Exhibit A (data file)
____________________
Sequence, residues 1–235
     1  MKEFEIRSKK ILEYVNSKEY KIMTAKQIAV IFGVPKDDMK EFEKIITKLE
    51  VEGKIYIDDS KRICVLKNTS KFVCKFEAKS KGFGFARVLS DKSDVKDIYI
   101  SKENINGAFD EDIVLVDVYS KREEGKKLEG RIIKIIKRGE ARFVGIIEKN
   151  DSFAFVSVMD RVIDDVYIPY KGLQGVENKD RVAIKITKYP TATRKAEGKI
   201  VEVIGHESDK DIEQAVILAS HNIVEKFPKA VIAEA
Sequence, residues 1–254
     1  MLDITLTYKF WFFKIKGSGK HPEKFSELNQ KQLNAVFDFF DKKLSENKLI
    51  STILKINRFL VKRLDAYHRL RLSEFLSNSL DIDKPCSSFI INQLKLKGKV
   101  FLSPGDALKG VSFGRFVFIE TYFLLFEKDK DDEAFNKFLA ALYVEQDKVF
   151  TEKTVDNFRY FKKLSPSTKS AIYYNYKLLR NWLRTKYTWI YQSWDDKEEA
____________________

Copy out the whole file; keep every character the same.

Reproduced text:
Sequence, residues 1–235
     1  MKEFEIRSKK ILEYVNSKEY KIMTAKQIAV IFGVPKDDMK EFEKIITKLE
    51  VEGKIYIDDS KRICVLKNTS KFVCKFEAKS KGFGFARVLS DKSDVKDIYI
   101  SKENINGAFD EDIVLVDVYS KREEGKKLEG RIIKIIKRGE ARFVGIIEKN
   151  DSFAFVSVMD RVIDDVYIPY KGLQGVENKD RVAIKITKYP TATRKAEGKI
   201  VEVIGHESDK DIEQAVILAS HNIVEKFPKA VIAEA
Sequence, residues 1–254
     1  MLDITLTYKF WFFKIKGSGK HPEKFSELNQ KQLNAVFDFF DKKLSENKLI
    51  STILKINRFL VKRLDAYHRL RLSEFLSNSL DIDKPCSSFI INQLKLKGKV
   101  FLSPGDALKG VSFGRFVFIE TYFLLFEKDK DDEAFNKFLA ALYVEQDKVF
   151  TEKTVDNFRY FKKLSPSTKS AIYYNYKLLR NWLRTKYTWI YQSWDDKEEA